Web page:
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USAF, RAAF accelerate fight against Da’esh

By Senior Airman Tyler Woodward 380th Air Expeditionary Wing

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SOUTHWEST ASIA, Nov. 2, 2016 — As the fight against Da’esh continues, coalition forces strengthen interoperability at a rapid pace and accelerate the fight. The international relations between allied forces in support of the Mosul Offensive are proving to be essential in the success of Operation Inherent Resolve.

A U.S. Air Force KC-10 Extender crew and a Royal Australian Air Force KC-30A crew pose for a photo after completing the first ever coalition formation departure at an undisclosed location in Southwest Asia, Oct. 25, 2016. Between the two air craft, they had the capability to collectively travel more than 20,000 miles in a joint effort to refuel allied air craft in support of the liberation of Mosul, Iraq. (U.S. Air Force photo by Senior Airman Tyler Woodward)
A U.S. Air Force KC-10 Extender crew and a Royal Australian Air Force KC-30A crew pose for a photo after completing the first ever coalition formation departure at an undisclosed location in Southwest Asia, Oct. 25, 2016. Between the two air craft, they had the capability to collectively travel more than 20,000 miles in a joint effort to refuel allied air craft in support of the liberation of Mosul, Iraq. (U.S. Air Force photo by Senior Airman Tyler Woodward)
A U.S. Air Force KC-10 Extender crew and a Royal Australian Air Force KC-30A crew pose for a photo after completing the first ever coalition formation departure at an undisclosed location in Southwest Asia, Oct. 25, 2016. Between the two air craft, they had the capability to collectively travel more than 20,000 miles in a joint effort to refuel allied air craft in support of the liberation of Mosul, Iraq. (U.S. Air Force photo by Senior Airman Tyler Woodward) U.S. and RAAF complete first ever formation departure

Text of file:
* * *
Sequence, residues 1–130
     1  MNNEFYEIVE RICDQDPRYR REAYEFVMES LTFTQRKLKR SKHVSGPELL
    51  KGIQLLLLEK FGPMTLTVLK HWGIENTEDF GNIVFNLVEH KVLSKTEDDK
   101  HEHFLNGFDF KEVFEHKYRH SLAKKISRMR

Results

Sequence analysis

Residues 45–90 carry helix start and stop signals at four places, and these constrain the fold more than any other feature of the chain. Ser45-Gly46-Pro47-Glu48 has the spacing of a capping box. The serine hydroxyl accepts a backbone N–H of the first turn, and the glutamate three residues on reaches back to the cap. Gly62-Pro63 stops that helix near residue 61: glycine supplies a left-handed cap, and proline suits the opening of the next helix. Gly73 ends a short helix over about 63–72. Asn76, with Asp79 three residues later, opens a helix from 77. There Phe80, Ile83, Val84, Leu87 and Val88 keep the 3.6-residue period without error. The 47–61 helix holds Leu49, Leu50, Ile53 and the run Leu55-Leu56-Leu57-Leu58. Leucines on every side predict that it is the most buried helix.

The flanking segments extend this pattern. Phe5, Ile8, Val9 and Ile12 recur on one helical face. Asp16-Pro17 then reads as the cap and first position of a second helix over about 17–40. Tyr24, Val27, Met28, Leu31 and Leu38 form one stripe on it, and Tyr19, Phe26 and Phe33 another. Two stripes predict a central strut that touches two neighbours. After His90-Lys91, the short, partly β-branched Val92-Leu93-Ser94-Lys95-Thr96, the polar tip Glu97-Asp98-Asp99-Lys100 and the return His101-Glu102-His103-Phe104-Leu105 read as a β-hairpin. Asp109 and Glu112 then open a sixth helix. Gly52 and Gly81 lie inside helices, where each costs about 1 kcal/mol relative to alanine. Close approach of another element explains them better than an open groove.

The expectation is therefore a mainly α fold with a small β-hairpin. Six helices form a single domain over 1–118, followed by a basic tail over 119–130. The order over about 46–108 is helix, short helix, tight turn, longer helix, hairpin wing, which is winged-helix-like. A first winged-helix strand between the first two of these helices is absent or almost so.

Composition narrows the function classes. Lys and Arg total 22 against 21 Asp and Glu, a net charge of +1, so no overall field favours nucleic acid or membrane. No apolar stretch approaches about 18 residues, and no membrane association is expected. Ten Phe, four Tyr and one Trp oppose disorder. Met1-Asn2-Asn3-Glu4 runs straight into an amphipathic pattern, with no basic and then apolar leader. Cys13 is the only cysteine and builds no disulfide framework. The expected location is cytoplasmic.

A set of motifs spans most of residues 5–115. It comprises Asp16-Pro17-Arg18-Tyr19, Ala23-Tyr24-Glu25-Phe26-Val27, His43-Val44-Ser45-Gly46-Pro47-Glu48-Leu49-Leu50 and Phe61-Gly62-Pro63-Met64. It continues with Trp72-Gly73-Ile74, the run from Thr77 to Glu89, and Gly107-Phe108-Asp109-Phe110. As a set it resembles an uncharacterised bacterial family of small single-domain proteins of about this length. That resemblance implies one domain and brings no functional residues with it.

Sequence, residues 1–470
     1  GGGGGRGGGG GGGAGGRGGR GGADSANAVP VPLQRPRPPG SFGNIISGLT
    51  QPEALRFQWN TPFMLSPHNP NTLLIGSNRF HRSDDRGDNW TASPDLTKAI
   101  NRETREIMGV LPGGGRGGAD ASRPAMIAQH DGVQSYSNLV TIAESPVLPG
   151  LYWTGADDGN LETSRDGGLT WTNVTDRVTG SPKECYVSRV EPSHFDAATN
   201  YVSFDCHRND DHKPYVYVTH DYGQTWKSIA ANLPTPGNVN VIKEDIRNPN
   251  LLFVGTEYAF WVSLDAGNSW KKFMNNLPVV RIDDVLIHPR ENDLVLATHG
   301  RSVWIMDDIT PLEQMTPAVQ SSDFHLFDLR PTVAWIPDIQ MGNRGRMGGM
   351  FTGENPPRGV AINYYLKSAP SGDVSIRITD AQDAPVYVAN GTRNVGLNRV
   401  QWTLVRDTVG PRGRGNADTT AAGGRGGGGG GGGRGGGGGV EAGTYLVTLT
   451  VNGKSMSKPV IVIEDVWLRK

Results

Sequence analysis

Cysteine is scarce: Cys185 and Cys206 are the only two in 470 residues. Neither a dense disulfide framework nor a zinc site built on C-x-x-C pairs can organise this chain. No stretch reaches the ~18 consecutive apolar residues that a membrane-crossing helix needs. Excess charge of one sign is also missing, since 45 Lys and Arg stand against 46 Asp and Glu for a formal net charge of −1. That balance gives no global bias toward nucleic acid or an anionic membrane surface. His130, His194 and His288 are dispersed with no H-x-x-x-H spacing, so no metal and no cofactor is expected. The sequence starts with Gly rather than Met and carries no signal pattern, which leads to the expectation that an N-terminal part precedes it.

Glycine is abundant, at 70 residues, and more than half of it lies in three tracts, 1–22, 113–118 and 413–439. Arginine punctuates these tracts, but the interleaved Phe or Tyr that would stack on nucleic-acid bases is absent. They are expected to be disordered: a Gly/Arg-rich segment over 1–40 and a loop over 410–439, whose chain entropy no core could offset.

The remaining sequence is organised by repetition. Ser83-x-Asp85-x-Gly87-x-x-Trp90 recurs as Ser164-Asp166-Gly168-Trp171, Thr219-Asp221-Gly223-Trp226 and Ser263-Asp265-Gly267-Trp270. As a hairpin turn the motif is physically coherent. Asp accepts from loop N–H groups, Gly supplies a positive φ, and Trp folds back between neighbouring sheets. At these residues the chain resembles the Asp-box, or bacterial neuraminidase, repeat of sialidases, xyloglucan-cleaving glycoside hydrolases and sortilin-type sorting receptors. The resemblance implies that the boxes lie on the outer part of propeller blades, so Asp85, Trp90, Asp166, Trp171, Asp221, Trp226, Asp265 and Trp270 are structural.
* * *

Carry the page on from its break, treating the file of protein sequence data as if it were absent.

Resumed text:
A U.S. Air Force KC-10 Extender crew and a Royal Australian Air Force KC-30A crew pose for a photo after completing the first ever coalition formation departure at an undisclosed location in Southwest Asia, Oct. 25, 2016. Between the two air craft, they had the capability to collectively travel more than 20,000 miles in a joint effort to refuel allied air craft in support of the liberation of Mosul, Iraq. (U.S. Air Force photo by Senior Airman Tyler Woodward)

 "Nothing--and I mean literally nothing--is possible in terms of fighter aviation in CENTCOM unless we get help from our brothers and sisters in the tanker world,” said Col. Paul Birch, 380th Expeditionary Operations Group commander and F-15 Strike Eagle pilot. “Fighters and tankers are a very close-knit team taking the fight to Da’esh.”

Capable of delivering more than 600 thousand pounds of fuel, the two tankers completed more than a dozen successful refuels during the flight. Many of the receiving aircraft were RAAF F-18 Hornets which provided close air support and interdiction of enemy supply lines directly against Da’esh.

“We have demonstrated greater interoperability,” said Maj. Kyle, USAF military personnel exchange crew member on the RAAF KC-30. “When we fly together in formation, we can provide mutual support for one another."

 The challenges of combining airpowers can be daunting, but for the two crews this opportunity proved to be a rewarding experience.

“I think this mission was definitely a success across the board,” said Lt. Col. Aaron, 908th Expeditionary Air Refueling Squadron commander. “By working with the RAAF, we proved that we could plan, generate, launch and execute a formation. In the future, I think you may even see us consolidate fuel, which would be an added advantage during dynamic operations.”